Much Ado About Nothing Much Ado about Nothing (Vol. 67)
by William Shakespeare

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(Shakespearean Criticism)

Much Ado about Nothing

One of Shakespeare’s most popular comedies, Much Ado about Nothing's appeal arises largely from the witty banter and charisma of Beatrice and Benedick, whose antagonistic relationship and eventual courtship are dramatized in the play's subplot. However, the main plot of the play, involving the docile Hero and the boorish Claudio, is often viewed as a dramatic failure. The relationship between these plots, as well as Claudio's role in the problematic main plot, are popular areas of critical study. Debate regarding the play’s genre is also a topic of modern criticism, and many scholars have studied the play’s deviations from the conventions of romantic comedy. Additionally, the characters' use of language and their view of its relation to political and social power, as well as the play's treatment of the problems related to knowledge and perception, garner much scholarly interest. In critiques of film and stage productions of Much Ado about Nothing, issues regarding characterization, genre, and gender are often discussed, particularly in Kenneth Branagh's 1993 film adaptation.

In his overview of Much Ado about Nothing, Sheldon P. Zitner (1993) discusses the nature of the play's plot construction, highlighting the connections between the Hero-Claudio main plot and the Beatrice-Benedick subplot. Zitner observes that the plots are linked through a number of formal devices, including deception, eavesdropping, and overhearing. Additionally, Zitner examines the play's characters, noting the relevance of contemporary Elizabethan marriage customs to Hero’s loyalty and obedience. Zitner contends that Hero’s passivity is in part explained by immaturity, and that many of Claudio's personality traits, including his immaturity, exemplify the “social style of Honour.” Beatrice and Benedick are also studied extensively by Zitner, who notes that the characters' unconventionality and wit set them apart from Hero and Claudio, but are not their only notable characteristics. Zitner comments on Beatrice's rejection and acceptance of various aspects of patriarchal society, noting that her obedience in her marriage to Benedick will have its boundaries. As for Benedick, Zitner observes that his wit is used to mask his fear of marriage and his longing for Beatrice. In John Wain's (1967) analysis of the play, Claudio is cited as the primary cause of the failure of the main plot. Wain states Shakespeare found the character of Claudio “unattractive,” which caused him to create a “cold, proud, self-regarding, inflexible” hero. Likewise, Richard Henze (1971) focuses on the character of Claudio, finding that it is Claudio, not Don John and his dishonesty, nor Beatrice and Benedick in their unconventionality, that poses the most formidable threat to social harmony. Through Claudio, Henze states, Shakespeare depicted the power that malice attains when it appears respectable.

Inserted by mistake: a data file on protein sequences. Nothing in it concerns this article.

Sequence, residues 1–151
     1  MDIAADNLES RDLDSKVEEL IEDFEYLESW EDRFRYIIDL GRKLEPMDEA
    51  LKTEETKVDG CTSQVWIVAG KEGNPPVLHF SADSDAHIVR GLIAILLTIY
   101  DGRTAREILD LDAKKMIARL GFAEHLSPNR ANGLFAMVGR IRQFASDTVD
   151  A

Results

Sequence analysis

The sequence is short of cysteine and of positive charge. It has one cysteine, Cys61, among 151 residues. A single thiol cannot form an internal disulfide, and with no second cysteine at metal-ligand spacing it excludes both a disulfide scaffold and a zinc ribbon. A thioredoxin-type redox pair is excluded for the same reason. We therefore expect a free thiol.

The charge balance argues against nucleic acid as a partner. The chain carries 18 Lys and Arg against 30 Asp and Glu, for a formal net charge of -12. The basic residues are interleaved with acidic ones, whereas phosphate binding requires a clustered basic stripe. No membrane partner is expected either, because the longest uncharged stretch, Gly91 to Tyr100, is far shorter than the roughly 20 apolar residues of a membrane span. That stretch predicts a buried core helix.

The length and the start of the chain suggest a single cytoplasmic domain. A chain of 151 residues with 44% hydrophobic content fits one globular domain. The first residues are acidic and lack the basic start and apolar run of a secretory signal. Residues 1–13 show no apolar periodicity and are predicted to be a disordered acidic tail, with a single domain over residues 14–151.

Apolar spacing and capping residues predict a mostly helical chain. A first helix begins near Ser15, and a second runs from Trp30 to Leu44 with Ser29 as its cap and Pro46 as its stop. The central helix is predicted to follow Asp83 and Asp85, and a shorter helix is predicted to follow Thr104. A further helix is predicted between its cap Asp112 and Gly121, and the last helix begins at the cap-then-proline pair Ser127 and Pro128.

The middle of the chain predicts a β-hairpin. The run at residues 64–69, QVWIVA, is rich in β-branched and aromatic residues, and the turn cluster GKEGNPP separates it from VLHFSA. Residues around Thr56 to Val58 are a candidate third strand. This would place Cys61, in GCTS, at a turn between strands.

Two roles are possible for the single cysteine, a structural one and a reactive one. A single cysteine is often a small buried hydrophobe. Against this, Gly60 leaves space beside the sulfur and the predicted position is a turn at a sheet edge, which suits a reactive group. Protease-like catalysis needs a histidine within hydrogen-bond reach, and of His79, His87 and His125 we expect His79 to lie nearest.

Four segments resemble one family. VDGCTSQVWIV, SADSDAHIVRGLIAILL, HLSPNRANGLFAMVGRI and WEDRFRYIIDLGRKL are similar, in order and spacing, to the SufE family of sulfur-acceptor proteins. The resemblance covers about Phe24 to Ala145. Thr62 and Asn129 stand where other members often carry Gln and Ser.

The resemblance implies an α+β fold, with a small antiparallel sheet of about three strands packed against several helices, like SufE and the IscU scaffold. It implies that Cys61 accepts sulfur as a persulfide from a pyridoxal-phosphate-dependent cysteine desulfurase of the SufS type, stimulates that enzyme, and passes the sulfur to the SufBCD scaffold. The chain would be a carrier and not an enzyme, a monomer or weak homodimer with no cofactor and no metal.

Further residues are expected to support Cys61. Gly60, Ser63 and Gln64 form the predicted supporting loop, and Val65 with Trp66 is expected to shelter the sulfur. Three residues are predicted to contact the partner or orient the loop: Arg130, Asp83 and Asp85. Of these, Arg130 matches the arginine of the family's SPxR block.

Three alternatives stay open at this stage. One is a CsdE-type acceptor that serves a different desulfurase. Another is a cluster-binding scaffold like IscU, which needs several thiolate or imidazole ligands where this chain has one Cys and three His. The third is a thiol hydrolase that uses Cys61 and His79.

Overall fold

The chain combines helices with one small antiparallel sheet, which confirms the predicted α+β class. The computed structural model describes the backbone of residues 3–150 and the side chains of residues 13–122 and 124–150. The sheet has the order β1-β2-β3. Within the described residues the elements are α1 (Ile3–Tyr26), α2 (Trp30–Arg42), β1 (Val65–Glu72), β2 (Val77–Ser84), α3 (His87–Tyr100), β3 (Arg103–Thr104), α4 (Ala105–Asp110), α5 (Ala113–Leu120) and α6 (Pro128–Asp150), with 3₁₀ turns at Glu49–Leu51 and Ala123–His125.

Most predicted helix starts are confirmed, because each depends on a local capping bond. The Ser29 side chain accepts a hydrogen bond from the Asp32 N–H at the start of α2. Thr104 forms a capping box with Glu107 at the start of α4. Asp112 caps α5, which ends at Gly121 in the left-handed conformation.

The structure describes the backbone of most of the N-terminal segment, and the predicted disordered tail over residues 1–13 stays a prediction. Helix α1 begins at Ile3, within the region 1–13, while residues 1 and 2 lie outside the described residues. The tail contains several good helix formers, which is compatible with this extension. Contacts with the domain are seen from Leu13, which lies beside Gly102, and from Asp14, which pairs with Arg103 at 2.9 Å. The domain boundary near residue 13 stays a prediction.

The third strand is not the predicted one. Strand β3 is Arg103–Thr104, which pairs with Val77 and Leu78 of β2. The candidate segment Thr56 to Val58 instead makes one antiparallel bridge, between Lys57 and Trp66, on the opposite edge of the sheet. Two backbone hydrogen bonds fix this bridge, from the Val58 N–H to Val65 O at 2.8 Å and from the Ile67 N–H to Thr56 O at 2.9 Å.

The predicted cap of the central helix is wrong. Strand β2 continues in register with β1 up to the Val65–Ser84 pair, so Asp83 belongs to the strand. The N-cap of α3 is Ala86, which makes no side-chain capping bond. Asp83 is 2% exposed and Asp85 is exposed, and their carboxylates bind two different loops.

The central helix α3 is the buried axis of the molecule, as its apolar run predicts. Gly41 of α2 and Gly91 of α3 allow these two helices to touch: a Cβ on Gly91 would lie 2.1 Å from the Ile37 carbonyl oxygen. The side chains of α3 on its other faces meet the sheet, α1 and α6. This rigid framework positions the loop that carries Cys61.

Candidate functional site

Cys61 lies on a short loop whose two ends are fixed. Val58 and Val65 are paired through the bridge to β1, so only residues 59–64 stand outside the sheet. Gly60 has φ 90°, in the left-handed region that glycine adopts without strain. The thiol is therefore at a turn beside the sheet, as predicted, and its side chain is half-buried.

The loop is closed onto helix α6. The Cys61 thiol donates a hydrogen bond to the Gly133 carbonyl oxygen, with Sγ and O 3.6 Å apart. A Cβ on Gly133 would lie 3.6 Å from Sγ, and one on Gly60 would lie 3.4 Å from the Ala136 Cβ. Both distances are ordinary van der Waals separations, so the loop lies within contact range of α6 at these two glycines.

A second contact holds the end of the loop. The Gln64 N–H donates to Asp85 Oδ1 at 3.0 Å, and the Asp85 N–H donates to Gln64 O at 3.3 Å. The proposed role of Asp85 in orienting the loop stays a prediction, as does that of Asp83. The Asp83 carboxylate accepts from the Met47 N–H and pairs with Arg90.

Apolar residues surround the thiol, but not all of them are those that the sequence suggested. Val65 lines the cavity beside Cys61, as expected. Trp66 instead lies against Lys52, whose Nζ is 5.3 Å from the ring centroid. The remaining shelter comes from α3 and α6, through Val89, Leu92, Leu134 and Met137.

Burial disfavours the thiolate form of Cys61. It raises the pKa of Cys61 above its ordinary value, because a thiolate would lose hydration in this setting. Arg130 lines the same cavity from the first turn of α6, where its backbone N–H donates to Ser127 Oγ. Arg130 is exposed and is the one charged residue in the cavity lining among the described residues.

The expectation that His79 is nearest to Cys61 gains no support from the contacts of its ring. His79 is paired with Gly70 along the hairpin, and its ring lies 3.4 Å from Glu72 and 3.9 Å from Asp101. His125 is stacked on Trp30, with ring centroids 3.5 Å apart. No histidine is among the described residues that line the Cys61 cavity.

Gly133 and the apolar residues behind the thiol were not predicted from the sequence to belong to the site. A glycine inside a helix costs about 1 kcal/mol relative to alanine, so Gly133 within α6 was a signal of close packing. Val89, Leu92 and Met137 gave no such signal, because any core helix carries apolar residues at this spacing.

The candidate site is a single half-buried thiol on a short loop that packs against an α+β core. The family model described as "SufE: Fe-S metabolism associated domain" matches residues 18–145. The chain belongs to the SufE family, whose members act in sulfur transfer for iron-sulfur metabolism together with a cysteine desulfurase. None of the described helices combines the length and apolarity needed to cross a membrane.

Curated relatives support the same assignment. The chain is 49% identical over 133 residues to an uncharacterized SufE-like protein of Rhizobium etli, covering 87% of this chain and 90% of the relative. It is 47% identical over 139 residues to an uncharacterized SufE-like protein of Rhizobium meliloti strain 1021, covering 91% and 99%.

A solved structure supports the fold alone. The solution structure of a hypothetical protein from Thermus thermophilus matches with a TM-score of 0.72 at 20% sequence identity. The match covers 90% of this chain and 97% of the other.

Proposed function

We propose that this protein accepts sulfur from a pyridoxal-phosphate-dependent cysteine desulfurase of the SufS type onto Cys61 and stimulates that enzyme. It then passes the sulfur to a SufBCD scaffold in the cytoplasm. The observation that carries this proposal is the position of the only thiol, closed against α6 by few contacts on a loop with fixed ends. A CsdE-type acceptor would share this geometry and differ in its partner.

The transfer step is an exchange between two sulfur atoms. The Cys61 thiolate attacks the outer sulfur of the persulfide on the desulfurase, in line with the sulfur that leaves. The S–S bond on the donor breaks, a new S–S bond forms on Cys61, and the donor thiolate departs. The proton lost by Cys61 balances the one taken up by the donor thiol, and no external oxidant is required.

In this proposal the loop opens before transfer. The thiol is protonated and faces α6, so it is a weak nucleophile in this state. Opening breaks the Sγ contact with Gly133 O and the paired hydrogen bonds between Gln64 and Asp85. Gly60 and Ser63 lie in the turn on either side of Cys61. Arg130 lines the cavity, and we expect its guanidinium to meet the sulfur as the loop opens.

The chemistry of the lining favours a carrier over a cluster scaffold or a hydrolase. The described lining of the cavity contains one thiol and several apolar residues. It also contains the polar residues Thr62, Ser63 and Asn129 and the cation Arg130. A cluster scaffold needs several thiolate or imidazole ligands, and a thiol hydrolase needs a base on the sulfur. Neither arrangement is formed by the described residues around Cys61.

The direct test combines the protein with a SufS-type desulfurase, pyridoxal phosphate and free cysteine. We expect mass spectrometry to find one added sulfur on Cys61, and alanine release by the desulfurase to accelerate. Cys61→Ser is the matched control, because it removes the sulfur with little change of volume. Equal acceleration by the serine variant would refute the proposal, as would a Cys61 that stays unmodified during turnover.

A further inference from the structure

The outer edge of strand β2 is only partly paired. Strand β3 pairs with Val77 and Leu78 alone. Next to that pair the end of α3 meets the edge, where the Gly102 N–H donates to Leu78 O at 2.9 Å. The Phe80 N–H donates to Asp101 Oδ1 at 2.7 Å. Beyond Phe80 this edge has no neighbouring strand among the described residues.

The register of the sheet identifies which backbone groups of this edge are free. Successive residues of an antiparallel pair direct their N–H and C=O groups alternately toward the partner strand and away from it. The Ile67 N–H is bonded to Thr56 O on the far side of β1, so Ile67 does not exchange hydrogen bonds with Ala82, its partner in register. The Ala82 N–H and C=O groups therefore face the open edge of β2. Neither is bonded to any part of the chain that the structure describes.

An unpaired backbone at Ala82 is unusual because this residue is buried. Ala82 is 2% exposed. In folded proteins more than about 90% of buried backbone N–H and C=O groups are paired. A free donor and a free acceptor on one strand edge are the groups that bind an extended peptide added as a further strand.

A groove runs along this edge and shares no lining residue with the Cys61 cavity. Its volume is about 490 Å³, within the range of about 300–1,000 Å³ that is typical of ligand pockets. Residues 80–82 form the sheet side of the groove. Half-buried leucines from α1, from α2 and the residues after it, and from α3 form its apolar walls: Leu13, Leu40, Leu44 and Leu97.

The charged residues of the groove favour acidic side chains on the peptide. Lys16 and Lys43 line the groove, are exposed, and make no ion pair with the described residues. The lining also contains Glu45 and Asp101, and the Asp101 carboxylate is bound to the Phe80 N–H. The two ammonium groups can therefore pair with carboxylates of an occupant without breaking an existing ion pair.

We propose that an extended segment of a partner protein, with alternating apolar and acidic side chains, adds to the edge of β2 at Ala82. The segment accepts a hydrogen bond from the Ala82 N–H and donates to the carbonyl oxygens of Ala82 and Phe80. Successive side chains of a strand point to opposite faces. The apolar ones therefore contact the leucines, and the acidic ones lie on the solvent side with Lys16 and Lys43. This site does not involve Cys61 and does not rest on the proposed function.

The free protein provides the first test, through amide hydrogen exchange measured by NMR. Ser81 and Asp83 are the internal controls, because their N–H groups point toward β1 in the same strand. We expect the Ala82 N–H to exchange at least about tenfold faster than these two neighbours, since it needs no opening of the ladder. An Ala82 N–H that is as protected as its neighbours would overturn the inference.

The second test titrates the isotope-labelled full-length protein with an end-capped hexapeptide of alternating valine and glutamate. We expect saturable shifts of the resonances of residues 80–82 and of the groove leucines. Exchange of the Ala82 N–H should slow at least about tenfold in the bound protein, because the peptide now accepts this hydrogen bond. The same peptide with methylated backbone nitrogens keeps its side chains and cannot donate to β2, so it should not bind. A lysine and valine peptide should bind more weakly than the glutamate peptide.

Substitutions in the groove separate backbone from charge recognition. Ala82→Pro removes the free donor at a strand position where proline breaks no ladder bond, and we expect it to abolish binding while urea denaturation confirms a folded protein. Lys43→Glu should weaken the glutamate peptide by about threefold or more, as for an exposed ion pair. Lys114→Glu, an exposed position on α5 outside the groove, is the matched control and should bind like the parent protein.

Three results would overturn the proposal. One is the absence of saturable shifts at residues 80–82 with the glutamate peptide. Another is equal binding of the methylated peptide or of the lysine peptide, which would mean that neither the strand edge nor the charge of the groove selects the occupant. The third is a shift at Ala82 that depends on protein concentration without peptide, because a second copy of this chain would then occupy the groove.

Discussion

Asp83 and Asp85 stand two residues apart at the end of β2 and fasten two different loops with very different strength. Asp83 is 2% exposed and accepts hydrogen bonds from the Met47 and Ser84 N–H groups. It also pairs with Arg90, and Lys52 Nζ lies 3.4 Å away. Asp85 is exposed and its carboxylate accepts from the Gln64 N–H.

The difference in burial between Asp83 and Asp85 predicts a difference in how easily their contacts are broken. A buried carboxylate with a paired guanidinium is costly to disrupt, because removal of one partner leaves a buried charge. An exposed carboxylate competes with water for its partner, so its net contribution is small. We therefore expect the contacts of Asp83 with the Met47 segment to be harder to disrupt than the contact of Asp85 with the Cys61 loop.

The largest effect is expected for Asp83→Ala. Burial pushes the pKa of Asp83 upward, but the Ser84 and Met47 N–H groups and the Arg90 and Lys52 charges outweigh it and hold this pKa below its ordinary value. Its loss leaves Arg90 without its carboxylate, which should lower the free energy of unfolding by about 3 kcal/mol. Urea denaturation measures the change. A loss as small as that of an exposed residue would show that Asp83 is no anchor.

As Zitner points out, the plot of Much Ado about Nothing relies heavily on deception and the misunderstanding it produces. Critics have also studied a related theme—the play’s treatment of knowledge and perception. Critic Nova Myhill (1999) finds that the numerous depictions of deception in the play highlight Shakespeare's methodology for creating different modes of interpretation. Myhill goes on to argue that while the audience typically assumes it possesses a privileged status in terms of eavesdropping, this notion is undercut by the fact that the characters are repeatedly deceived by their belief that eavesdropping has provided them with direct access to truth. Taking another approach, Carl Dennis (1973) explores the two modes of perception he maintains are at work in the play: wit and wisdom. Whereas wit relies on reason and sensory evidence, wisdom, explains Dennis, is related to a belief in intuitive methods of understanding. In the end, Dennis asserts, wit is portrayed as an unreliable mode of perception, and the fate of the characters depends on...

(The entire section is 97,825 words.)